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Living the Strategic Plan

"Strategic Planning Made Simple"
By Stella R. Sytnik, Account Executive

If there is one thing I learned during my career in the manufacturing industry it is the importance of having a comprehensive and clear strategic plan to be able to run a successful operation. What is a strategic plan? Strategic plan is a document that clearly defines the most important goals of an organization (usually three to five) and identifies tactics to achieve them.

So, it did not come quite as a surprise when I was presented with the same message from a "guru" of the association management business that any successful association should have a solid strategic plan. What is more important is that this plan has to be designed by the leadership of the association and reiterated to all levels of volunteers who are active in association activities: committee chairs, co-chairs, directors and members at large.

I recently attended a session tailored to associations and organized by the New Jersey Society of Association Executives (NJSAE) that was particularly valuable to me. I learned about planning terminology and key elements of a successful strategic plan.

The one question that I posed to myself after the session was: "If my main role as a staff executive is to be "a broker of ideas" for the association, isn't it vital for me to make sure that the association's strategic plan is up to date and working?" I particularly wanted to make sure that the current plan reflects and addresses all the key new trends and issues for associations and nonprofits.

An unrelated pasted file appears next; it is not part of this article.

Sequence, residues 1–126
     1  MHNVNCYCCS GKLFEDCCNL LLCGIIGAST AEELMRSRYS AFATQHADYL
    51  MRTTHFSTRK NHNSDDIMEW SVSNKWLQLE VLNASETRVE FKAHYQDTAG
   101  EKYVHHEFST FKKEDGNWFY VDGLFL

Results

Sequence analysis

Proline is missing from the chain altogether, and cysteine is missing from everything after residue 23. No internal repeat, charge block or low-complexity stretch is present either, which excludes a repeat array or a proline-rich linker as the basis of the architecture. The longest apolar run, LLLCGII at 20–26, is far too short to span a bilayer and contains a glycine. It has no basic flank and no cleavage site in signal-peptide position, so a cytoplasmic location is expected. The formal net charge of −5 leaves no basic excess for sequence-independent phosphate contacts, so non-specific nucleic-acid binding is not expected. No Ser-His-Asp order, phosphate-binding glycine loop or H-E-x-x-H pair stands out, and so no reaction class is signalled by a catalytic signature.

Needless to say, right after the seminar, I rolled up my sleeves and dug into the most recent strategic sessions of the Wood Machinery Manufacturers of America (WMMA) Board to find the basis on which our strategic plan is built.

My goal was to review both content and format of the strategic plan. Here are the trends that I used as my benchmarks (Reference Stephen C. Carey, Ph.D. CAE and AMMR's Research Staff Creator of the 2008 edition of the "Association Strategic Planning and Research Guide with Benchmarks, Best Practices and Practical Templates"):

  • Branding remains a top priority deliver your value proposition
  • American associations are seriously "going green"
  • Increased social responsibility
  • WEB 2.0 is catching on quickly
  • Associations must develop methods to attract and retain younger members
  • Finding how to manage intellectual property in the global world
  • New dues structures and industry consolidations
  • Develop and manage in-house research functions to keep the revenue within the association
  • Succession planning
  • Focus on fewer goals and objectives by conducting more segmented market research and simplifying strategic plans

Key goals based on strategic initiatives outlined in a simple format. It couldn't be any easier.